Book- Hills Of Paradise: Power, Powerlessness And The Female Body
Author- Mineke Schipper
Published By- Speaking Tiger
Price- Rs 599
Women are born with shadows. They live in shadows and bear their weight on tip-toes, existing as quiet murmurs. Mineke Schipper’s book — borrowing its title from a medieval student song in Latin, “Flora” — explores this shadow and its silence. The Dutch scholar and writer approaches gender traditionally and not in its contemporary fluid form. She writes about gender myths as a political tool and an economic opportunity where the female identity is both the produce and the product.
Themes of management and control of female sexuality, recreational versus procreational values of sex, the use of rape as a weapon, outsourced, charitable and erotic breastfeeding feature prominently as the book discusses the old and the new beliefs around the skewed, misinterpreted and inaccessible female identity. Discussions on religiously-evoked “moral” inflexibilities, fatuous virtues of female chastity, the intellectual disadvantages of women, and the synthetic prototype of female appearance that occupies the public space have been present across histories and cultures and occupy space in Schipper’s book.
In three parts, the book covers the theology of male versus female creators, the desirability of a female body and the terror (and insecurity) it evokes in men, and the power of possessing breasts and the powerlessness of those who possess them, denied of ownership and control of their own bodies (and fates). We find that despite their complexity, humans have progressed uniformly across cultures. The evolution of religion, god, patriarchy, gender, sex — as ideas or norms — has been unidirectional, becoming shared values despite not having shared time or space.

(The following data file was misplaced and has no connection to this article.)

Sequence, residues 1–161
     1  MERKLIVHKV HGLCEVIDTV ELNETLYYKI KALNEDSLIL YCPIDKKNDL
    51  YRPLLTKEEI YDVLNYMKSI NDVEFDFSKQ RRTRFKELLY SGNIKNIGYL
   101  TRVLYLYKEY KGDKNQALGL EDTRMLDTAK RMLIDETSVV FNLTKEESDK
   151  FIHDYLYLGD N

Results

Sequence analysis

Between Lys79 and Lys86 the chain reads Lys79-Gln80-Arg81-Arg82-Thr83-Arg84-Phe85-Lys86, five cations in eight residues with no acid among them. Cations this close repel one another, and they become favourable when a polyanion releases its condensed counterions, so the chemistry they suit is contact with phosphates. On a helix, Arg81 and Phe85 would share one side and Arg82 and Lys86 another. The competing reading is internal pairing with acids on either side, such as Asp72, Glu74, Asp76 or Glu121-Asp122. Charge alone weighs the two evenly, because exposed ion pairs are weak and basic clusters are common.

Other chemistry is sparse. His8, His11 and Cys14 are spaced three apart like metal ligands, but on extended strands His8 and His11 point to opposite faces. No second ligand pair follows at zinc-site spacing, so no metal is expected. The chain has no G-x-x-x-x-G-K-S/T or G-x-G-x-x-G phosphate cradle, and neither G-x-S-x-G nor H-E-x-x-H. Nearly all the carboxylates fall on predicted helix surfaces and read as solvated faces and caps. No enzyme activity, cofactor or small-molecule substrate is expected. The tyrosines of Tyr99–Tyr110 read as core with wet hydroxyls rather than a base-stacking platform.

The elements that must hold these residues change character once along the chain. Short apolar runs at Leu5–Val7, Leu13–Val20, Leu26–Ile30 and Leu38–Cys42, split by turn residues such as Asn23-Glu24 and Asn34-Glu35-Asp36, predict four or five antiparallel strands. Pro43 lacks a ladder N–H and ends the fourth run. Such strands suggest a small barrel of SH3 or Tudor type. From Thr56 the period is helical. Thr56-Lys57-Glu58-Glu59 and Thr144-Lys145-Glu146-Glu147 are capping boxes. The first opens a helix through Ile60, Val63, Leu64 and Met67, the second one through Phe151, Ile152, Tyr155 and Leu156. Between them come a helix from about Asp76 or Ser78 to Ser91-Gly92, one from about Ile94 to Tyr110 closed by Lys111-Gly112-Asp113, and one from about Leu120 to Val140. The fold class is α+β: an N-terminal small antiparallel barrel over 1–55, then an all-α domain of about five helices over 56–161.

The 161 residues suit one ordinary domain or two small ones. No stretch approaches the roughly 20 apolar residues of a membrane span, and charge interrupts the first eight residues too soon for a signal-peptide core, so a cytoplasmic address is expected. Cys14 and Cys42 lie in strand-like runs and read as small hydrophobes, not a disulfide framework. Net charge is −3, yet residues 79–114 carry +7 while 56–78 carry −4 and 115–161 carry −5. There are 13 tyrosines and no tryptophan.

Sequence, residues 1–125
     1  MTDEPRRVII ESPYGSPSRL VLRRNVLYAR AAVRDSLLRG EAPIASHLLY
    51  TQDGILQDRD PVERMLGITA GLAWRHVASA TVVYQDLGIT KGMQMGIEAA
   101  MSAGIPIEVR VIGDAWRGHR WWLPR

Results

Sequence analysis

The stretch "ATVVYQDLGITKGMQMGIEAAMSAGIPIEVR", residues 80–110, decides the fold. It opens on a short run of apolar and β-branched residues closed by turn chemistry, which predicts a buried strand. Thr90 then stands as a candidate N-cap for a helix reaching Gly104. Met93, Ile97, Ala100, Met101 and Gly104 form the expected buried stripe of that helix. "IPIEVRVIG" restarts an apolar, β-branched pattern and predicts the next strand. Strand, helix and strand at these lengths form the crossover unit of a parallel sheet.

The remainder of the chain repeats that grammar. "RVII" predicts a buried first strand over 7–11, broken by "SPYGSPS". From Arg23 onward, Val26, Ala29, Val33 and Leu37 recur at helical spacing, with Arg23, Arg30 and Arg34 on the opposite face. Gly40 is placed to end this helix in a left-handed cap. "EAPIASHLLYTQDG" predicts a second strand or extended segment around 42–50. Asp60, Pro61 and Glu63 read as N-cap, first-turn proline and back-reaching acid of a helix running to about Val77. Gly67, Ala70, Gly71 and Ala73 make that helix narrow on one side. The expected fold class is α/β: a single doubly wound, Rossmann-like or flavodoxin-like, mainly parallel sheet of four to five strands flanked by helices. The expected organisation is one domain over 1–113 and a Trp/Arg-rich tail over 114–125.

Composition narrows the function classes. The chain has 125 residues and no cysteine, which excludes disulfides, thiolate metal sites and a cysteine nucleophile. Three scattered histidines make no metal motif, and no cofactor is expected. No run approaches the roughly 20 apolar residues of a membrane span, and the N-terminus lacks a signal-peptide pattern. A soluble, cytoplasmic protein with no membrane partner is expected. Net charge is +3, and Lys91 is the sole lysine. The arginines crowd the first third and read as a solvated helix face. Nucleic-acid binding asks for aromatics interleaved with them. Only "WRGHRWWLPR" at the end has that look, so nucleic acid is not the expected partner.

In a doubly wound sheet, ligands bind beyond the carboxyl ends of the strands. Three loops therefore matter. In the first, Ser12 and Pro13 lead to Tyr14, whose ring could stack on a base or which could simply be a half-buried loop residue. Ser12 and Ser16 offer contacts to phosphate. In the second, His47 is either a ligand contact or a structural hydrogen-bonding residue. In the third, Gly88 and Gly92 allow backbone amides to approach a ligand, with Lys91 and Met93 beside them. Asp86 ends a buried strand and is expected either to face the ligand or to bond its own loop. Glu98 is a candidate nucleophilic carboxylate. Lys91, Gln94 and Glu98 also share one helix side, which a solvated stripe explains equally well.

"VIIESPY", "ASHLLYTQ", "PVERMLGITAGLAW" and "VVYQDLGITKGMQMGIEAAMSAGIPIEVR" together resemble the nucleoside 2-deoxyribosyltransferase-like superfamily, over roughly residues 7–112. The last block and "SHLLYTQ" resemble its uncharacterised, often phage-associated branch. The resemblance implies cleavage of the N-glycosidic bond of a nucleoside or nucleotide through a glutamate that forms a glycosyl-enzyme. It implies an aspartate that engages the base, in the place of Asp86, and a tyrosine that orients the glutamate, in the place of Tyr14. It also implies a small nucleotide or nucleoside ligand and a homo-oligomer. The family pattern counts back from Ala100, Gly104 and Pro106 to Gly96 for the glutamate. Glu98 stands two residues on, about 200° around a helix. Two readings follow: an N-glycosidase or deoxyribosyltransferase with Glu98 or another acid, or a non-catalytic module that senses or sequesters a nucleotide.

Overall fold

The winner of Eureka! Award (2005) for Never Marry a Woman with Big Feet, Schipper is internationally acclaimed, given her nuanced understanding of culture and literature. Citing worldwide reports, indices, interviews, research papers, and various books, Schipper makes for a strong, unpierceable case. One leaves with a long reading list, featuring thought-provoking works such as Shirley Ardener’s Perceiving Women, Rosalind Coward’s Female Desire, Natalie Angier’s Woman: An Intimate Geography, and many others.
Hills of Paradise coincides with months of protests by women wrestlers against sexual harassment as a means of exploitation by authority; the Manipur crisis where sex and gender are variants of caste and tribal conflicts; the restrictive US abortion laws as an attempt to gain control over a woman’s body; the #MeToo movement that got the ball rolling years ago. It makes one wonder if such a book is or ever will be irrelevant. The answer, sadly, seems to be an unapologetic ‘No’. The problem lies in an existing illusion, where radical feminism is assumed to be mainstream feminism. As Schipper concludes, however, "[i]t is not a matter of degrading the sexuality of men, but of upgrading that of women." It is this thin line — between equality and discrimination — that one hopes to cross. Books like Hills of Paradise are certainly a step in the right direction.